The Early Modern Commons

Search Results for "dress"

Showing 1 - 20 of 375

Your search for posts with tags containing dress found 375 posts

A Poor Hand-Maid’s Tale: Love, Petitioning and Print in Seventeenth-Century England

The second post in our Postgraduate and Early Career Takeover comes from Scott Eaton, an ECR interested in early modern witchcraft, religion, art and print cultures. His book on the witch-finder John Stearne is available from Routledge now. You can follow...
From: the many-headed monster on 16 Feb 2021

1833 Plaid Silk Gown + All the Accessories - Done!

I can't believe I never shared *finished* photos of the 1833 plaid day dress with all the accessories. I went through the whole making of it but, like...never showed the finish. That's a cardinal sin of costuming blogs!Better late than never, though -...

December 23

What was advertised in a colonial American newspaper 250 years ago this week? “D.K’s performance is scandalous and preposterous.” Lewis Fay’s advertisement in the Pennsylvania Journal caused some controversy.  For several...
From: The Adverts 250 Project on 23 Dec 2020

November 8

What was advertised in a colonial American newspaper 250 years ago today? “Experience has taught him to cut hair according to art.” Lewis Fay, a “Periwig Maker and Hair Dresser,” offered his services to the residents of Philadelphia,...
From: The Adverts 250 Project on 8 Nov 2020

October 23

What was advertised in a colonial American newspaper 250 years ago today? “The newest and most fashionable Taste.” In the fall of 1770, John Brown, a hairdresser, informed “the Ladies in particular” and “the Gentlemen”...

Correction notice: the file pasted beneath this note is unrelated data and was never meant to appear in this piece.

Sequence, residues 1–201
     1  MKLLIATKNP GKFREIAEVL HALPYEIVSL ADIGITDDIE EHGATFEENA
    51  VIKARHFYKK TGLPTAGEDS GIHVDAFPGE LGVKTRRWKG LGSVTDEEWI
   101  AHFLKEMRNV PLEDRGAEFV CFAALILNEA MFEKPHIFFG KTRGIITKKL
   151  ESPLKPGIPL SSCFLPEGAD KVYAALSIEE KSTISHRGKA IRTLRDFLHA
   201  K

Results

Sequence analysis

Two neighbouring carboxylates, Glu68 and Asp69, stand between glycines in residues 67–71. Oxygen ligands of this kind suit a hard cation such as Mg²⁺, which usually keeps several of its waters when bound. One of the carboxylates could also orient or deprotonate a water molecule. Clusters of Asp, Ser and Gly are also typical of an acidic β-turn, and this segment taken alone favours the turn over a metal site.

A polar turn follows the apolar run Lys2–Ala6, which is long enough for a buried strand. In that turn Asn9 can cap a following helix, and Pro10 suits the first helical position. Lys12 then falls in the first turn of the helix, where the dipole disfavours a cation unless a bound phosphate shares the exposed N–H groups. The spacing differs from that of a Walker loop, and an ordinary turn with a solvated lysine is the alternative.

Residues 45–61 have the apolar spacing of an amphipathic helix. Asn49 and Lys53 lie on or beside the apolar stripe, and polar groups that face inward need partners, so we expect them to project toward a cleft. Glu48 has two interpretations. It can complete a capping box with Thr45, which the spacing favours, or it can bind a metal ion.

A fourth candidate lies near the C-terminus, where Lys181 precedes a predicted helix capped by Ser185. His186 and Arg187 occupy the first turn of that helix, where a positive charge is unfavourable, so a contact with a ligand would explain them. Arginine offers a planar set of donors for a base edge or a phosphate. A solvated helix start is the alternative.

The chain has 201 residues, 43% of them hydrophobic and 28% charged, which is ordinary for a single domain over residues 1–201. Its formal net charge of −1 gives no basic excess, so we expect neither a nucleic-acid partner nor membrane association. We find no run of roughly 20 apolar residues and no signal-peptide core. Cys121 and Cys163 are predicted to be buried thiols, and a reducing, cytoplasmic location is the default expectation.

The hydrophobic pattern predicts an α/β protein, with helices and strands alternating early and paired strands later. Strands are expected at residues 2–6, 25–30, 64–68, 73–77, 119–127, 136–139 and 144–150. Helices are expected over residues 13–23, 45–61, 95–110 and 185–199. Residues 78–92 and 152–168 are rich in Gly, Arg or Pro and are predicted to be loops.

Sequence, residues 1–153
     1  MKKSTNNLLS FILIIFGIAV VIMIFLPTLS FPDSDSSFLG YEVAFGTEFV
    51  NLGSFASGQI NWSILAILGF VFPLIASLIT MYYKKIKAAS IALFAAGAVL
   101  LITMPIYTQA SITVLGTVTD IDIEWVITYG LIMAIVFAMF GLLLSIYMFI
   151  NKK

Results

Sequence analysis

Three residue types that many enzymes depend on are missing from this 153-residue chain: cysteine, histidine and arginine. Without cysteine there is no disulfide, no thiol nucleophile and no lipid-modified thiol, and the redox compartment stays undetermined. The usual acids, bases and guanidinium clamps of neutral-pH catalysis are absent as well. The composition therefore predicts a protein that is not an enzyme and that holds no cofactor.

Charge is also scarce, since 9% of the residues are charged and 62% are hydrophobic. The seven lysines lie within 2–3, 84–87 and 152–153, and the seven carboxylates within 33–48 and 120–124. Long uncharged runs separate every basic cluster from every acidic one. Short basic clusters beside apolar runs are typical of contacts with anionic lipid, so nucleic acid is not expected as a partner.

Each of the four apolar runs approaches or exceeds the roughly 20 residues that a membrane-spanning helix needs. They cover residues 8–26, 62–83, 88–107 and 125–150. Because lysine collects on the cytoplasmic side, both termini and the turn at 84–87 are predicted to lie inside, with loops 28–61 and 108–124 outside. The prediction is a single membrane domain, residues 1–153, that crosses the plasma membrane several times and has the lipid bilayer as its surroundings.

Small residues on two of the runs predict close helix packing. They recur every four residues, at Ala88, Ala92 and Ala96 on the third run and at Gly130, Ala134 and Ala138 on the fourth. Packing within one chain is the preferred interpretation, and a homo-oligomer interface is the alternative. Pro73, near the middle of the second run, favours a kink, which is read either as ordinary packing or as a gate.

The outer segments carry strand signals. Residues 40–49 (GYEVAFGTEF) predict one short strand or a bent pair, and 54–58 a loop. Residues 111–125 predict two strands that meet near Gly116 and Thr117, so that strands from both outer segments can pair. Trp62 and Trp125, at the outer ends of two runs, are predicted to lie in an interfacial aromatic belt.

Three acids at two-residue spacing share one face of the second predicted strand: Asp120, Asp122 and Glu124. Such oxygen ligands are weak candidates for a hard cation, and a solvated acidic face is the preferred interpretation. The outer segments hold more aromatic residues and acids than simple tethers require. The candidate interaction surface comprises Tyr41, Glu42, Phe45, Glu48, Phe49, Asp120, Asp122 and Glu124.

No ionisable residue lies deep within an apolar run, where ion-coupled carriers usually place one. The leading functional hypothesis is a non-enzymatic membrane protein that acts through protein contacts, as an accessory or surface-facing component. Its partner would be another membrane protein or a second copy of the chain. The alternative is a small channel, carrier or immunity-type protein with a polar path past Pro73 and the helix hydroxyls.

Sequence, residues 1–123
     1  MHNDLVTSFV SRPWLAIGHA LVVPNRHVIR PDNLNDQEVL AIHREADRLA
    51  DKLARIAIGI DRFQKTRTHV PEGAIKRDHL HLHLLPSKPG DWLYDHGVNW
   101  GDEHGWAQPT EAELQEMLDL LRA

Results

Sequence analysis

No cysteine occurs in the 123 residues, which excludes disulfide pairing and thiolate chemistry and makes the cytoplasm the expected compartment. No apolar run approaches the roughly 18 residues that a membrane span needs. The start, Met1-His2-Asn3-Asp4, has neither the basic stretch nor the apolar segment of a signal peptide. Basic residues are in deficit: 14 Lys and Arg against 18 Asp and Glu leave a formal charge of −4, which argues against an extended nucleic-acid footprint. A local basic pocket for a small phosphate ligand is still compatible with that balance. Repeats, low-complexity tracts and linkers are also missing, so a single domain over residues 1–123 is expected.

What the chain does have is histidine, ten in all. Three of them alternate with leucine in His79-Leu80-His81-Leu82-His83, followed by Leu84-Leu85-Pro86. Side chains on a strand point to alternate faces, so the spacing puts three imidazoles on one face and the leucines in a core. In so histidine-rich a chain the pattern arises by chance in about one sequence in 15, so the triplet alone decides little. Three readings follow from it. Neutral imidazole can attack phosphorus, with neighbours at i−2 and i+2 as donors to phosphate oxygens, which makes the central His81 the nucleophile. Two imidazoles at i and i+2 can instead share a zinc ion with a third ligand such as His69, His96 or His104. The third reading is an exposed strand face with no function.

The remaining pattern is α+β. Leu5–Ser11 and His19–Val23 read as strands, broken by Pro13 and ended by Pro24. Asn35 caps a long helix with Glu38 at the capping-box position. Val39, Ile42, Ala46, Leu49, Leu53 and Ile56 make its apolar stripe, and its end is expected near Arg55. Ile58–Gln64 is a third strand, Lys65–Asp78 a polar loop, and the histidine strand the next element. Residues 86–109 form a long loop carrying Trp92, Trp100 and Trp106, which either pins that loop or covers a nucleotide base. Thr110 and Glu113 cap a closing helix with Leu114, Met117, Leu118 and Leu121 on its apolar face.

From: The Adverts 250 Project on 23 Oct 2020

September 6

“TOUT A LA MODE.” George Lafong introduced himself to the ladies and gentlemen of Williamsburg as a “French HAIR-DRESSER” in an advertisement in the September 6, 1770, edition of William Rind’s Virginia Gazette.  Apparently,...
From: The Adverts 250 Project on 6 Sep 2020

Patrick Henry’s March on Williamsburg, May 1775

It had been a very hectic week in Williamsburg for Peyton Randolph, the Speaker of Virginia’s House of Burgesses and the President of the... The post Patrick Henry’s March on Williamsburg, May 1775 appeared first on Journal of the American...

What they Wore

My previous #SalemSuffrageSaturday posts have been pretty wordy—and pretty serious; I think we all just need to see some Salem women of that gilded, reforming era at the end of the nineteenth century. Ever since that Phillips Library digitized part...
From: streets of salem on 29 Feb 2020

December 25

What was advertised in a colonial American newspaper 250 years ago today? “Many Years experience in the most eminent Shops in London.” As 1769 drew to a close, the residents of Boston and many other cities and towns throughout the colonies...
From: The Adverts 250 Project on 25 Dec 2019

From Dressmaker to Body Snatcher

One thing we have concluded about ourselves during our research over the years is, that we have an incredible propensity for being dragged, kicking and screaming off at tangents and this one is a case in point. How on earth is it possible to get from...
From: All Things Georgian on 10 Dec 2019

November 24

What was advertised in a colonial American newspaper 250 years ago today? “HAIR ROLLS for LADIES.” A very short advertisement in the November 24, 1769, edition of the New-Hampshire Gazette informed readers of “HAIR ROLLS for LADIES,...
From: The Adverts 250 Project on 24 Nov 2019

The Singular Case of the Tiverton Barber

We all know the feeling of paying for something that doesn’t match up with our expectations, or not receiving the service or product we expect for our money. Many of us wouldn’t think twice of complaining, and getting a refund. But would we...
From: DrAlun on 15 Oct 2019

August 29

What was advertised in a colonial American newspaper 250 years ago today? Essex Gazette (August 29, 1769). “He proposes to carry on Wig-making and Hair-Dressing.” Fashion helped to fuel the consumer revolution of the eighteenth century. Consumers...
From: The Adverts 250 Project on 29 Aug 2019

Dress Hooks of the Middling Sort

We are grateful to Michael Lewis, Head of Portable Antiquities & Treasure at the British Museum, for this guest post on “dress hooks.” Identifying the ‘middling sort’ through their material culture is fraught with difficulties,...